Imagine escaping horrific violence and arriving to a new country with merely the clothes on your back. No money, no job prospects, and no access to a community or a network that can help you rebuild your life. What do you do?
This is the situation for thousands of people fleeing organized crime and gang violence in the Northern Triangle of Central America and seeking safety in neighboring countries. People like Natalia and her son Mario.
Natalia and Mario were forced to flee El Salvador after Mario was threatened with death for refusing to join one of El Salvador’s violent gangs.
With no other option, they escaped to Mexico.
When they arrived, Natalia and Mario faced many challenges. Where would they live? How would they earn money? How would they protect themselves from arrest, detention and deportation back to El Salvador?
Fortunately, Natalia and Mario connected with Asylum Access lawyers. They received legal aid and accompaniment during the Refugee Status Determination process and were eventually recognized as refugees. But guarantees on paper are only as good as the commitment of institutions and communities to make them a reality.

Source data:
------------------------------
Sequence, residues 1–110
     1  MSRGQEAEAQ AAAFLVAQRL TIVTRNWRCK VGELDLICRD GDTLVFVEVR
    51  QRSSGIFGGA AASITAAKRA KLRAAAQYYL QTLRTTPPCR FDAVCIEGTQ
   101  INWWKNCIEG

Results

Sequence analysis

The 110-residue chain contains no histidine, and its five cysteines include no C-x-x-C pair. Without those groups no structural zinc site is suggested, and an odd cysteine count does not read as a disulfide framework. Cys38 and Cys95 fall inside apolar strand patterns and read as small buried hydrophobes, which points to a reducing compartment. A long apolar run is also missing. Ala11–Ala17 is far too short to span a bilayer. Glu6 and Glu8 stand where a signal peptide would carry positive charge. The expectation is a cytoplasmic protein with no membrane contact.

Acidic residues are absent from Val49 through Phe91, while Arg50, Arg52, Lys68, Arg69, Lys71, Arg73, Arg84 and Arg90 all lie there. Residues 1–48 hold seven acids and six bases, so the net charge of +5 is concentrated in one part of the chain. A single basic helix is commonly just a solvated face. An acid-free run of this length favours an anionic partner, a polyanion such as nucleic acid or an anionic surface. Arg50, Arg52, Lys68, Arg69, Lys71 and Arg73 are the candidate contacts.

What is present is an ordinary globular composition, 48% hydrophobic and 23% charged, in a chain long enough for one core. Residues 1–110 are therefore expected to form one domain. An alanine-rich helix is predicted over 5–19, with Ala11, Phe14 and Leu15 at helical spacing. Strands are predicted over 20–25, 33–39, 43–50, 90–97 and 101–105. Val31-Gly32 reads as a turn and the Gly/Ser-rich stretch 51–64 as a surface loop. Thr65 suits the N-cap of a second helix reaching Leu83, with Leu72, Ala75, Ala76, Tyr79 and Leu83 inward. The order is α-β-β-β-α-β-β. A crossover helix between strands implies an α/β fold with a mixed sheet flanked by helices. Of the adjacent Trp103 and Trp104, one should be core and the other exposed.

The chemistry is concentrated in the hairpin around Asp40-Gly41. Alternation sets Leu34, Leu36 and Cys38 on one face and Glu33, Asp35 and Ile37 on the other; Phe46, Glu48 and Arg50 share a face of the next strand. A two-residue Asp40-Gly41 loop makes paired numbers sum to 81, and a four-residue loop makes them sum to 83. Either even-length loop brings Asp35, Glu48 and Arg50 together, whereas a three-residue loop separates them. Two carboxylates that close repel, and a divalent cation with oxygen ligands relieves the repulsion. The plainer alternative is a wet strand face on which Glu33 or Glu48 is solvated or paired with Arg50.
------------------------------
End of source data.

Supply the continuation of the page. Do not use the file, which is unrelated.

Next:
Even with status, Natalia and Mario still did not have a stable place to live, and could not find safe, well-paid work.
Thousands of refugees in Mexico face this challenge: they have escaped violence in their home, survived a treacherous journey to find safety, have settled in a new community, but there are few resources to help them rebuild their lives meaningfully.
Asylum Access established Mexico’s first Hospitality Route to create more welcoming communities for refugees. The Hospitality Route creates movement among all sectors of society to share the message of “welcome” to refugees in Mexico. It brings together businesses, NGOs, government and academic institutions, individuals, artists and others to generate opportunities for refugees so that they can contribute to the social, cultural and economic fabric of society.
Natalia and Mario were some of the first beneficiaries of the Hospitality Route program. They now have full-time employment, rent their own apartment, and are saving money. They are no longer hiding in the shadows, in constant fear. They don’t have to rely on humanitarian handouts. They can rebuild their lives meaningfully.
Thanks to our partner Home Storytellers, Natalia and Mario’s story will be told in a short documentary film early in 2019.